Oh dear, it seems I am destined to fly in the face of prevailing critical wisdom on this one. In front of me sits the press release for the new Peter von Poehl album May Day, complete with lots of fulsome praise for his previous effort, Going to Where the Tea Trees Are. The words from such august publications as MOJO and Observer Music Monthly talk of “delirious melodies” and “lush, layered pop-folk that repeatedly captures the essence of pastoral side of the Beatles” respectively. I like these publications, I like the label May Day is released on, but I can’t bring myself to like the actual record.
To a very limited extent, I can see where the superlatives are coming from. On a music geek level, it is interesting to pick out the range of instruments and techniques von Poehl commands, from baroque strings to folk to cerebral Scandinavian pop, but the downside is that the result is never something dynamic which grabs and demands you to listen again. When someone like Beck tosses such ingredients around it can feel magical; with Peter Von Poehl it feels quite ordinary.
Opening track ’28 Paradise’ has cellos stabbing in and out of the background, seemingly as punctuation for the central finger-picked guitar riff; and it’s interesting. You may well feel like going to the lengths of scratching your chin, even admiring the balance of all the different instruments on the track, but it's not the kind of interest that will lead you to throw down your headphones and tell the guy at the desk next to you at work about it. It’s interesting in a very academic sense of the word. The other problem is that Von Poehl’s voice at times sounds disturbingly similar to Phil Collins. May Day has some nice lyrical flourishes, one of them coming on ’28 Paradise’: “The sky falls down on the small claims court, but for that life’s just too short”, but it’s hard to appreciate them when you keep having flashbacks to the double-tracked master of evil, sitting in his tax-exiled lair warbling some guff about true colours.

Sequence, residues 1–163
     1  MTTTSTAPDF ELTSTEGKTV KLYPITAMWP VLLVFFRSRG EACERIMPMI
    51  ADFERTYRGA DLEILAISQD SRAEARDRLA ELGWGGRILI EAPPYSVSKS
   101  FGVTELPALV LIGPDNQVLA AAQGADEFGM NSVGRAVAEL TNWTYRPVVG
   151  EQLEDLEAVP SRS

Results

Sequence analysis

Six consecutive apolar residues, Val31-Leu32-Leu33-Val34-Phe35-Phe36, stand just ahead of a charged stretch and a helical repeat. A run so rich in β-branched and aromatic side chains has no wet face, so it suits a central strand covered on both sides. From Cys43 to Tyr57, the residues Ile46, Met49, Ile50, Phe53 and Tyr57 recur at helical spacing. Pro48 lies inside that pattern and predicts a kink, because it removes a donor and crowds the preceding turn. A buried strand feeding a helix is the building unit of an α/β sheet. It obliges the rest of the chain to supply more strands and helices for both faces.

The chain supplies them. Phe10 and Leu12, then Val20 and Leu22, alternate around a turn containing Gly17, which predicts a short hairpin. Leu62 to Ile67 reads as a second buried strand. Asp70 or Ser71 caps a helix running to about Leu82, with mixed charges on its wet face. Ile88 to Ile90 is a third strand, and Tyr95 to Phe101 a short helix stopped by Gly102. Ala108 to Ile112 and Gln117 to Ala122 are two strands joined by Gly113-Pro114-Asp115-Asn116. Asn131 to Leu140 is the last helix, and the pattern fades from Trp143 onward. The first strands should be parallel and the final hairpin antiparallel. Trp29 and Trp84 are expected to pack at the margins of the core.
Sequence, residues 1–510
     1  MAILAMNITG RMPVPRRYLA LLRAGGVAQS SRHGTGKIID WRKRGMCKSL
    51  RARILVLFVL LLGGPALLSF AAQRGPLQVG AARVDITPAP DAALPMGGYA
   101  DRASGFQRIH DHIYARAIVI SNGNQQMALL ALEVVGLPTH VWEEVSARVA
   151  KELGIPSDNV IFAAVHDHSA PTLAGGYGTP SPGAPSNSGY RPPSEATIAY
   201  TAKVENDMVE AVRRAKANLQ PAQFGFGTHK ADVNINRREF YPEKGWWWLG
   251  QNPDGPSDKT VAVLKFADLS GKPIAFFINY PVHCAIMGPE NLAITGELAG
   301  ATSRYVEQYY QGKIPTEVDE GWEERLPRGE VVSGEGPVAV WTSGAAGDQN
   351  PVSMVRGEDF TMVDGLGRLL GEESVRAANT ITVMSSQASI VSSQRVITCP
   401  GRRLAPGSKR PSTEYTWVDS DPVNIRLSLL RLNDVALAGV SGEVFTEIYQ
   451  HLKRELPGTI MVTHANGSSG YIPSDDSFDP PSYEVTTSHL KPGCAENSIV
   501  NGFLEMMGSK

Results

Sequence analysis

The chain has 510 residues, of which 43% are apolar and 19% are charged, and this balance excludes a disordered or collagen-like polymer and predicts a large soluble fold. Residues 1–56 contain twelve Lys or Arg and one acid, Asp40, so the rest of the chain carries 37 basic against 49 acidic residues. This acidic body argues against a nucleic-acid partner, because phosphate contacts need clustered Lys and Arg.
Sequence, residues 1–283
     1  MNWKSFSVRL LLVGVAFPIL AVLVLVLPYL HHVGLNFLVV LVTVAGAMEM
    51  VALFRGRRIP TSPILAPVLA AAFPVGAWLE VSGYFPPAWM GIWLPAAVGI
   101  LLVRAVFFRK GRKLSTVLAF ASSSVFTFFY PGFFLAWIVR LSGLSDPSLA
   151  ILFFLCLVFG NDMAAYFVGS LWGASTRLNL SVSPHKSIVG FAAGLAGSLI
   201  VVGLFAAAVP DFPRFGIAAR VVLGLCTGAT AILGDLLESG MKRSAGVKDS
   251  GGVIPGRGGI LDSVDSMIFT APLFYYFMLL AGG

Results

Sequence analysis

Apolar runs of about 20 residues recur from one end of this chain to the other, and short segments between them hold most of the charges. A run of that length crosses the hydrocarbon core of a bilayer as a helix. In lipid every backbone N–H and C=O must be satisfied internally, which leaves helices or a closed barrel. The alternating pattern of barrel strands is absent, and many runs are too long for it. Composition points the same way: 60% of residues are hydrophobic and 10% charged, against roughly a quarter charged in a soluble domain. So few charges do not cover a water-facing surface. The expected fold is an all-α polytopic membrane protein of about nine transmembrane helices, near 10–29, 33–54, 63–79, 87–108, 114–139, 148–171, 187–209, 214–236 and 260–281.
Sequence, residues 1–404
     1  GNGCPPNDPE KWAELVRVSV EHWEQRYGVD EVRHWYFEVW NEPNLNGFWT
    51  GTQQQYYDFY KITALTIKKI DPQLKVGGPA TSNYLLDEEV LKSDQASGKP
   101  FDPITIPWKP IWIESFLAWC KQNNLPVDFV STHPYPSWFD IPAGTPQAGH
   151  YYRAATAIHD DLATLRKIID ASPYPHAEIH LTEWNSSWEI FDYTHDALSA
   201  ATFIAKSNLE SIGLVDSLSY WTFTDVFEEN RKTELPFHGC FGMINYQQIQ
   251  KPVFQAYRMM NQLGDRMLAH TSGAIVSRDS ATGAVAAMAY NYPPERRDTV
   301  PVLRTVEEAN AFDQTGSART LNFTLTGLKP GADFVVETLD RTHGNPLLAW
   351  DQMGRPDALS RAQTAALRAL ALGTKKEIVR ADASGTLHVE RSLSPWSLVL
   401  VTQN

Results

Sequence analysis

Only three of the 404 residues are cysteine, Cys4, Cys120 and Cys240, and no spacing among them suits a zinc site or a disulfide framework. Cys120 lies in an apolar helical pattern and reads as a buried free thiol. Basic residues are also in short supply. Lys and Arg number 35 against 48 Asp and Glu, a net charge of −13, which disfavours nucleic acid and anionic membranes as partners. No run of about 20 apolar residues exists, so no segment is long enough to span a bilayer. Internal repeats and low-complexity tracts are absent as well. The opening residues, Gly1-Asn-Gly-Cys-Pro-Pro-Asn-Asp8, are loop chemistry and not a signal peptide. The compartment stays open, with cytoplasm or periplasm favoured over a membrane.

‘Parliament’ and ‘Near the End of the World’ are considerably better; the former is funk of a much more delicate kind than the group that inspired its name, but funk nonetheless. A four-to-the-floor beat pushes along Rhodes and more of the ever-present strings, while the syncopated bass and horn breaks in the chorus offer a slight frisson the whole album is desperately lacking. The latter’s folky guitars are tempered with some more horns to enliven proceedings.
Elsewhere, the album slips back into being pretty yet dreary; dreary in the sense of not having a specific reason why you should actually care about what you are hearing. There are no killer hooks to step up and grab the attention, no strong vocals begging to be attempted in your morning shower. Instead there is the boring orchestral-rock of ‘Moonshot Falls’, the quirky yet aimless chamber pop of ‘Wombara’ and several variations of those two directions exhibited on the album’s remaining tracks.
To my mind, music should not be some delicate specimen to be placed in a cabinet and admired from behind the glass, it should be a pulsating monster that kicks you in the crotch and forces you to dance. It should be a miserable bastard that endorses your misanthropy or a beautiful melody that makes all the bad things inside fade away. It should be vital. May Day is a long way from that.
5Robert Ferguson's Score